Quote Originally Posted by Freebird135 View Post
does it have a dive leg?

rule of thumb i always use is 1000 lbs per foot

first 4 skid spots no more then about 6,000 lbs give or take, and depending on who u ask
You have this correct here. 1,000# per foot with no more than 6,000# in the first 8 feet is the formula I use to load pups. 20,000 is all we can scale on the drives of a single axle and I've had trailers as light as 17,000# over-weight on my drives. I have loaded thousands of pups at Con-way Freight so here are a few other tips for loading the 28 footers.

1. Placing heavy freight on the back does not offset a nose heavy pup on a scale. The trailer axle is all the way at the back so all you are doing is adding to that axle. If the above formula is not followed and the trailer is nose heavy, no amount of weight on the tail will scale the drives.

2. Please, please, please, don't load 12,000# of freight on the last 10' of an 18,000# trailer. It will scale but I have to pull it. I did this to myself Saturday morning. I was in a hurry - any LTL line driver can relate - I would not do that if I was not the one pulling it - loaded 12,000# on the back of what ended up being my back box and fought that set the entire way home. Imagine putting a dumbbell at the end of a whip - that is the effect this creates.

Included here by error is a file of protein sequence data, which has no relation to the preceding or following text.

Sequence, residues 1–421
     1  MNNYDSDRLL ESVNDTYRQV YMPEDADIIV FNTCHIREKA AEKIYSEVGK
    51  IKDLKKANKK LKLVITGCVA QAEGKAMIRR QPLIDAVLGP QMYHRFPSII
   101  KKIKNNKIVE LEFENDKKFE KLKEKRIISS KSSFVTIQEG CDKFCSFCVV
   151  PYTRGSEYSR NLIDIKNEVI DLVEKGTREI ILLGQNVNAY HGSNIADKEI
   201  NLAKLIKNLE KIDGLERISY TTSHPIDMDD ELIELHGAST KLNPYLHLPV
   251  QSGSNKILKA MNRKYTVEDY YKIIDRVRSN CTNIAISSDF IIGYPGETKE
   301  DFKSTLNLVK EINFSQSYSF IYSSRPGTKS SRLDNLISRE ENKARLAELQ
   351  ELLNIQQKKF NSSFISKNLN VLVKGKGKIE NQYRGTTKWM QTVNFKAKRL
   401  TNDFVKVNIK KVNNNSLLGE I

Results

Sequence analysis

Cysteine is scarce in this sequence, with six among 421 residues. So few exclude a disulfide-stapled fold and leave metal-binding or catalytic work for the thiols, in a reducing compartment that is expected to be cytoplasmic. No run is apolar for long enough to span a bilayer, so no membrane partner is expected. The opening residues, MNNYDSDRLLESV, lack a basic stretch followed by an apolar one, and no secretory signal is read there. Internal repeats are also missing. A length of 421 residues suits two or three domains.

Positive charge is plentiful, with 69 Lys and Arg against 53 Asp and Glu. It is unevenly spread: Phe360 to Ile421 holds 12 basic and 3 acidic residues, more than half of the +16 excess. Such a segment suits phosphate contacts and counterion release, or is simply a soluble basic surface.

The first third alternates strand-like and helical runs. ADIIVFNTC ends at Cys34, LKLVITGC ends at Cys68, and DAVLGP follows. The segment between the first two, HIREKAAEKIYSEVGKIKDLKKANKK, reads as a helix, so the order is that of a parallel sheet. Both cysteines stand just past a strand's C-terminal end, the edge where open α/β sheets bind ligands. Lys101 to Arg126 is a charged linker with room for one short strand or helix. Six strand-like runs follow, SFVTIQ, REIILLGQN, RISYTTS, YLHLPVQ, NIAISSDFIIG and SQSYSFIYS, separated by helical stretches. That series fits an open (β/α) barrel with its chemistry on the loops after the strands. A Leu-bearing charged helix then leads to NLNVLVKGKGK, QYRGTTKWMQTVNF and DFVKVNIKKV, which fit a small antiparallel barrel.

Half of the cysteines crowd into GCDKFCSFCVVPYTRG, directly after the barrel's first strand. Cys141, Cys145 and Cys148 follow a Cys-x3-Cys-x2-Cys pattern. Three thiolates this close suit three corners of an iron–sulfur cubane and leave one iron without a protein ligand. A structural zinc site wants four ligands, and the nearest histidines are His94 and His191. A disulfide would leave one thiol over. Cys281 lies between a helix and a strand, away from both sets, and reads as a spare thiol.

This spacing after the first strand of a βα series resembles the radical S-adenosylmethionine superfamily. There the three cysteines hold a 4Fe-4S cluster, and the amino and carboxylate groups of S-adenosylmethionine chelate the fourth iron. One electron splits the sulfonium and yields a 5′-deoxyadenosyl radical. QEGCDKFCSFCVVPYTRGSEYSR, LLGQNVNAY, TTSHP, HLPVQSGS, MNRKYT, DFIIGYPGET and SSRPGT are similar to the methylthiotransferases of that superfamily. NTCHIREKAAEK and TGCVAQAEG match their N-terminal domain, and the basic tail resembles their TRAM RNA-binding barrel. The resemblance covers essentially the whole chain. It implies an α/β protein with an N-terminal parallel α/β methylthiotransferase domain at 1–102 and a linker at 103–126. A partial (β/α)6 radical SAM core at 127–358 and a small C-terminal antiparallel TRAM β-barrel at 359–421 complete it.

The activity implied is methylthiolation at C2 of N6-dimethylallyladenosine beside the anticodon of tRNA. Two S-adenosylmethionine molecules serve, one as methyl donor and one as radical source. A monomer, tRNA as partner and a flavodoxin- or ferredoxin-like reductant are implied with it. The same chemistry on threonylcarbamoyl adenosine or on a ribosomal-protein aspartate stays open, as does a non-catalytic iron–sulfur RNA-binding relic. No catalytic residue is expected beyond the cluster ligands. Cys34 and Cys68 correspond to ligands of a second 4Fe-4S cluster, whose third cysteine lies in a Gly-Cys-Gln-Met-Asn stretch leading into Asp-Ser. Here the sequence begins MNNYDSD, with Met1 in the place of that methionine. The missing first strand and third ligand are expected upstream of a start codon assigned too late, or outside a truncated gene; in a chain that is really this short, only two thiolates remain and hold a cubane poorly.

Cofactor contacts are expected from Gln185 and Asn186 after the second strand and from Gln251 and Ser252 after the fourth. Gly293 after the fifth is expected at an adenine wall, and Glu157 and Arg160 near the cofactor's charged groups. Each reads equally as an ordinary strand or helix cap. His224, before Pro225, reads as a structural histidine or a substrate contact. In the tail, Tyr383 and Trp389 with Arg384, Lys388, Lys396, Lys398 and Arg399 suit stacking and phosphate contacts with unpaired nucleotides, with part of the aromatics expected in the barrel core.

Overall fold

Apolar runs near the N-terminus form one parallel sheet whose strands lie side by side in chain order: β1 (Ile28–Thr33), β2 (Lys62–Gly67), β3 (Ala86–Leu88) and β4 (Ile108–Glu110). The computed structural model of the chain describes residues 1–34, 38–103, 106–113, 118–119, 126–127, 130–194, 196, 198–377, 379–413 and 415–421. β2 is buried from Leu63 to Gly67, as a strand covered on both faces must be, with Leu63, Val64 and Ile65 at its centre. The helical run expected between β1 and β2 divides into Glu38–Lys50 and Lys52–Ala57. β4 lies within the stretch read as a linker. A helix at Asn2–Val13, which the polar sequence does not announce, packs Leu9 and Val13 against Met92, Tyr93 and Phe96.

3. Hazmat totes. Please nail them to the floor using 2X4's. I would prefer 25,000# worth of totes did not slide to one side of my trailer. A typical tote load is 8 totes at 3,000# per tote. The proper way to load this is mt skids in the nose keeping the first 4' mt then 1, 2, 1, 2, 2. Nail the singles in with 2X4's and that load will scale every time and won't budge an inch.